constraint


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constraint

(Imprisonment), noun act of keeping in, apprehension, arrest, bondage, bonds, bounds, captivity, care, charge, commitment, confinement, containment, control, custody, detainment, detention, encincture, enthrallment, fetter, immuration, immurement, incarceration, internment, keeping, legal restraint, preventive custody, preventive detention, prison, prohibition, protective custody, quarantine, remand, restriction

constraint

(Restriction), noun act of forestalling, act of hampering, act of quelling, act of stifling, act of strannling, act of thwarting, astriction, bar, circumscription, compulsion, constriction, curb, deprivation, determent, disallowance, disapprobation, duress, encumbrance, enthrallment, fetter, forbiddance, force, impediment, inhibition, interdict, interdiction, muzzle, obstruction, obstructionism, preclusion, pressure, prevention, prohibition, proscription, rein, restraint, restrictive practice, strangulation, suppression, temperance, trammel
Associated concepts: estoppel
See also: bar, bondage, captivity, coercion, commitment, composure, compulsion, control, custody, detention, deterrence, deterrent, discipline, disincentive, duress, embarrassment, enforcement, fetter, force, incarceration, limitation, moderation, obstacle, obstruction, pressure, prohibition, quota, requirement, restraint, restriction, retention

CONSTRAINT. In the civil and Scottish law, by this term is understood what, in the common law, is known by the name of duress.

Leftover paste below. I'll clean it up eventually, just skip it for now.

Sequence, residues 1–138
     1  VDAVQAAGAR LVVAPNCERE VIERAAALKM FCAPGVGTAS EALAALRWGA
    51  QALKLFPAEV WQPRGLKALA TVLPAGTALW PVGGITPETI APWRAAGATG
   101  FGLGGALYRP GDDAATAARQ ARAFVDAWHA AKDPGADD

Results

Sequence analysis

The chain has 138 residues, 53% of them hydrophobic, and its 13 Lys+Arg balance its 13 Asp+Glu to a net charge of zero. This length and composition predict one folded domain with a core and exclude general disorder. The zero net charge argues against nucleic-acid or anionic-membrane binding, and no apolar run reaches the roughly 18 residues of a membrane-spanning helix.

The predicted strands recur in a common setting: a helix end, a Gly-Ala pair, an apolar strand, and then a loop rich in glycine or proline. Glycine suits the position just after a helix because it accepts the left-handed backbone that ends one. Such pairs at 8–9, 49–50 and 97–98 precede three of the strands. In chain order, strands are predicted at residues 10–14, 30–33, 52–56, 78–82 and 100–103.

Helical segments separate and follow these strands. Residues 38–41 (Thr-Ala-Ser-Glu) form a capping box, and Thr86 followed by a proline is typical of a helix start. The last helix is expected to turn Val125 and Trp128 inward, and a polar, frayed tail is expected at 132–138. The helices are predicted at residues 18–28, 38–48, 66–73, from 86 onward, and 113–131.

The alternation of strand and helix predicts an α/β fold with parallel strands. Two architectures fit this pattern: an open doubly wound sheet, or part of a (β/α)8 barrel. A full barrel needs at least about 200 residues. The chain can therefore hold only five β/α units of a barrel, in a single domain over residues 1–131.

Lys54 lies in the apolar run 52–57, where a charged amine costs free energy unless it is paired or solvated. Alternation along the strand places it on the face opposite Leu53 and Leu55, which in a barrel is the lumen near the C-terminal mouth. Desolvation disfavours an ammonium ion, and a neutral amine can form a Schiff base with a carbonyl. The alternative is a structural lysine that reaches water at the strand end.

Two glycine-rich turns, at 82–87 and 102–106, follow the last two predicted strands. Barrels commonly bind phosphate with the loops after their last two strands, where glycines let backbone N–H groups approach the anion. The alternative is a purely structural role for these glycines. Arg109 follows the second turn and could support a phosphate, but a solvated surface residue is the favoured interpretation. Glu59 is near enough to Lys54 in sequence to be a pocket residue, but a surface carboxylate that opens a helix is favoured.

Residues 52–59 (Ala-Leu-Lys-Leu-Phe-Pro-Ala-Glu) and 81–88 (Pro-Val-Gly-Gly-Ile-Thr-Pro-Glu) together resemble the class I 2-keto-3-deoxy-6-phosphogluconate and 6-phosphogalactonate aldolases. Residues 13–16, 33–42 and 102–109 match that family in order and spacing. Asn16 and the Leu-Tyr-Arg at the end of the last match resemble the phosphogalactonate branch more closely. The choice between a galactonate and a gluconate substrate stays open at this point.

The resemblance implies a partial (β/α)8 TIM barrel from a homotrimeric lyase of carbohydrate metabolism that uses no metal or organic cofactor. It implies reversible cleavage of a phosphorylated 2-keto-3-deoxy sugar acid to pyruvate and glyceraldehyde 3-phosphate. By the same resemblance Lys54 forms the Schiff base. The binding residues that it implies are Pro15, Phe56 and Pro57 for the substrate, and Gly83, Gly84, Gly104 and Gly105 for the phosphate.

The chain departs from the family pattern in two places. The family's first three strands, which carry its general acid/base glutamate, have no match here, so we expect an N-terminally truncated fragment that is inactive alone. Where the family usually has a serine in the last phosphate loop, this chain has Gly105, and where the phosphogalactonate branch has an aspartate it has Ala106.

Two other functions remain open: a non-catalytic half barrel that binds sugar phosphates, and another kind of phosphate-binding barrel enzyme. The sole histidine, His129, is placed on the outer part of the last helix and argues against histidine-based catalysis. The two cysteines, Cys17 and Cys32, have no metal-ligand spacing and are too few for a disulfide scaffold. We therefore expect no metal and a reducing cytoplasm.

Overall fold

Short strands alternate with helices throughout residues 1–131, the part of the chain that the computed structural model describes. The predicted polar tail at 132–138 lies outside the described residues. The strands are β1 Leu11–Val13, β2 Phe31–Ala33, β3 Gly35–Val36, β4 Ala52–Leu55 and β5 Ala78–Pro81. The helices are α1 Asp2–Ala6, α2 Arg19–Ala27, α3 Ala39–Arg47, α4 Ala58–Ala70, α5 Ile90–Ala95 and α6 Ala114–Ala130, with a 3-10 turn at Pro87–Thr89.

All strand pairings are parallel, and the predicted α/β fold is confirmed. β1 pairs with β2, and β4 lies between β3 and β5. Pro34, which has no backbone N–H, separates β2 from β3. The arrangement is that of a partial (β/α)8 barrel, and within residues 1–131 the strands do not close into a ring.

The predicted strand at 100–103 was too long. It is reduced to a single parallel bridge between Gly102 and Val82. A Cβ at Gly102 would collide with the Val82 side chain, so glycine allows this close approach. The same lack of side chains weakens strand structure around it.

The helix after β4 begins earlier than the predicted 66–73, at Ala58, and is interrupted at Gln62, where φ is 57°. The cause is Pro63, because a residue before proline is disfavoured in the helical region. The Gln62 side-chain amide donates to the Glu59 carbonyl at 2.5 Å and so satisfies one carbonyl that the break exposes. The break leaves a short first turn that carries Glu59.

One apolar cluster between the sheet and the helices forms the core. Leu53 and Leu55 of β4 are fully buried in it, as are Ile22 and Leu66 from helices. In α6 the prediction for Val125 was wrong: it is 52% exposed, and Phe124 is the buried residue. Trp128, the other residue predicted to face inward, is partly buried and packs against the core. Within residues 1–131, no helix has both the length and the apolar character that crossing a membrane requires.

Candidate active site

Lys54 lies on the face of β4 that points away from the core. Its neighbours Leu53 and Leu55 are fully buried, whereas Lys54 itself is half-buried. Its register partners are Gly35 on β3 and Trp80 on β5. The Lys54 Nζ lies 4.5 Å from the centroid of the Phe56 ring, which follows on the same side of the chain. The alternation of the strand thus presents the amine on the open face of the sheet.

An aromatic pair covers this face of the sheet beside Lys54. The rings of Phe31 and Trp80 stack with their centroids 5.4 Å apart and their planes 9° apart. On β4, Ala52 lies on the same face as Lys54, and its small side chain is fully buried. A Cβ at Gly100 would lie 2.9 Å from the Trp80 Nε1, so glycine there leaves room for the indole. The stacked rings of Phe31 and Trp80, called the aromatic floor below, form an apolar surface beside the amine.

2. It is a general rule, that when one is compelled into a contract, there is no effectual consent, though, ostensibly, there is the form of it. In such case the contract will be declared void.
     3. The constraint requisite thus to annul a contract, must be a vis aut me us qui cadet in constantem virum, such as would shake a man of firmness and resolution. 3 Ersk. 1, Sec. 16; and 4, 1, Sec. 26; 1 Bell's Conn. B. 3, part 1, o. 1, s. 1, art. 1, page 295.

References in classic literature ?
Her limbs possessed an elasticity which took from every movement the slightest appearance of effort or constraint.
The tact and skill which suffice to avert a Woman's sting are unequal to the task of stopping a Woman's mouth; and as the wife has absolutely nothing to say, and absolutely no constraint of wit, sense, or conscience to prevent her from saying it, not a few cynics have been found to aver that they prefer the danger of the death-dealing but inaudible sting to the safe sonorousness of a Woman's other end.
Then he paused and seemed to hesitate; and then, 'You had better look at the face,' said he, in tones of some constraint.
But I could not help seeing that there was some constraint with him.
And they are not to found otherwise, because men will always prove untrue to you unless they are kept honest by constraint.
Yet, for all my agitation, I noticed that about him there still lingered an air of constraint and uneasiness.
I, a bondsman just released from the yoke, freed for one week from twenty-one years of constraint, must, of necessity, resume the fetters of dependency.
She kept the pictures near her heart, to which her hand naturally strayed when her feelings of constraint, distrust, or fear became so poignant as to interfere with the calm which she felt was necessary to help her through her ordeal.
So when they were alone the king's daughter said to her eleven girls: 'Show some constraint, and do not look round at the spinning-wheels.
She knew how to hit to a hair's-breadth that moment of evening when the light and the darkness are so evenly balanced that the constraint of day and the suspense of night neutralize each other, leaving absolute mental liberty.
After a moment Mattie seemed to be affected by the same sense of constraint.
His whole air was expressive of constraint and weariness, which our lieutenants of the garrison would to-day translate admirably as, "What a beastly bore

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